Moulton Mill History

Moulton Mill is the tallest windmill in the country and stands at 100ft high to the top of the cap.

Largest surviving windmill in the country

Moulton mill  is 100 feet high to the top of its ogee cap. It was built in about 1822 by Robert King.

The sails were removed in 1894 after gale damage, when a steam mill with a two sack Turner roller milling plant was installed in the adjoining granary, steam power also being applied to the original stones.

Serious milling ceased many years ago and a small roller mill and kibbler saw occasional use.

The main use of the mill from the mid 1970’s was as a store in connection with the grain merchant’s business of Mr Biggadike, whose family owned the mill from 1924 to 1995

The tower

The tower is 28 feet 9 inches in diameter at ground level and 12 feet diameter at the curb, both internally.

The basement contains the engine drive gearing which then ascends to a set of stones on the first floor by way of a vertical shaft.

The elevated ground floor is spacious enough to contain a proper partitioned miller’s office.

Out of the ordinary

The spur gearing differs from the usual Lincolnshire pattern in that the stone nuts are all iron, the great spur wheel having morticed wooden cogs.

This arrangement is fine until a breakage, when the job of re-cogging would take several weeks.

The spur wheel has an iron hub and rim, with eight radial wooden spokes. The cogs are of very fine pitch and are very wide, which must have given a very smooth drive.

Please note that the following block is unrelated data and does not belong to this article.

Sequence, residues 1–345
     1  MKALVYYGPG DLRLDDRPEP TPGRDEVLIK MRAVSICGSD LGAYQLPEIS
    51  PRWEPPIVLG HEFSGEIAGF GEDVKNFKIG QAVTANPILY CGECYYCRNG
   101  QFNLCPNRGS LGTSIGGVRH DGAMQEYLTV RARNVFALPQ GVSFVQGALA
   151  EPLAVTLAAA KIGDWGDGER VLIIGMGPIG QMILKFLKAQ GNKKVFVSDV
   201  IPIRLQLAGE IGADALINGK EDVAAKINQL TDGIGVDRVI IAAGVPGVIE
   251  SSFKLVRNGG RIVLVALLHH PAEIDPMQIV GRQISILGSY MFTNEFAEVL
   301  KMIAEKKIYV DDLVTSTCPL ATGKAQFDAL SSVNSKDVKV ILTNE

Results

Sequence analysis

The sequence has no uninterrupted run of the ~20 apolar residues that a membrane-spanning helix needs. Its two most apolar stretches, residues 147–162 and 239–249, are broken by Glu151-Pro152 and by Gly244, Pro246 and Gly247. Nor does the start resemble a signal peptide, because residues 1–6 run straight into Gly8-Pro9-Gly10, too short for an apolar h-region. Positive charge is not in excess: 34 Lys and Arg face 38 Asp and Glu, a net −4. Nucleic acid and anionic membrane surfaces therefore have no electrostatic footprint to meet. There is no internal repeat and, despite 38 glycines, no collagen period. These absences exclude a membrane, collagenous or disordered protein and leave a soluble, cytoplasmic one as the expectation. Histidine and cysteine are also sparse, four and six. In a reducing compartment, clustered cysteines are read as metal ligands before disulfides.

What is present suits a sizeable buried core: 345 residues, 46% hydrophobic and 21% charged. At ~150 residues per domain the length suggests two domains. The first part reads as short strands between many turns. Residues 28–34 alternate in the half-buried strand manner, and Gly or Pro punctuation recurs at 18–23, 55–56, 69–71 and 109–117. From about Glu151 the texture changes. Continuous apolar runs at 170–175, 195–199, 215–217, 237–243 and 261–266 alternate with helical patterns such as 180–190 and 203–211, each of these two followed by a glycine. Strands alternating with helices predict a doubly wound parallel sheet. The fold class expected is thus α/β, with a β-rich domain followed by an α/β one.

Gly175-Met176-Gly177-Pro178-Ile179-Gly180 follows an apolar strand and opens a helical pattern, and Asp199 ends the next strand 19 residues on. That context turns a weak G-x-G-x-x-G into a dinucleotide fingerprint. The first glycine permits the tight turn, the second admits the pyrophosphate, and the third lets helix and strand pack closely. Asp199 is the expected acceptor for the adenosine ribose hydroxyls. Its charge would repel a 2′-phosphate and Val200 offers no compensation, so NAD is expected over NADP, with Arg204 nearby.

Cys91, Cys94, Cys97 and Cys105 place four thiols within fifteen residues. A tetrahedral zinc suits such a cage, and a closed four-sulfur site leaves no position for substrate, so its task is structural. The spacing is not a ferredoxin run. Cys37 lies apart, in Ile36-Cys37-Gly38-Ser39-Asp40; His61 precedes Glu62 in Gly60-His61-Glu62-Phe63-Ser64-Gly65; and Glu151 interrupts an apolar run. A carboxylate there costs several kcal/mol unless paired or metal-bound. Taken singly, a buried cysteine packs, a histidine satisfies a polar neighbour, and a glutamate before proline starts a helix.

The engine drive engages the spur wheel by means of another small iron nut. The nuts are 12 inches in diameter and the great spur wheel is 8’9″ in diameter.

Poor condition

The curb is a hexagonal wooden frame built into the brickwork, with an iron track and an inward facing tooth ring, beneath which the centring wheels run.

The cap frame was in poor condition and survived mostly intact apart from where the sheertrees have been cut off beyond the new roof (fitted in 1928 to replace the old ogee cap).

The windshaft was gone but the tail bearing housing remained, as did the hand winding gear although not operational.

Parts of the brakewheel also remained in the basement. This was all replaced in 2004 when the new ogee cap was fitted in the first phase of the restoration.

Sails restored

The mill had four double sided patent sails, which unusually for Lincolnshire were carried on stocks in a poll end.

The fanstage was of the typical local type with the rear fly posts almost vertical.

These were restored to the Mill on 21st November 2011.

This was 117 years after the originals were destroyed in a freak gale of 1894.

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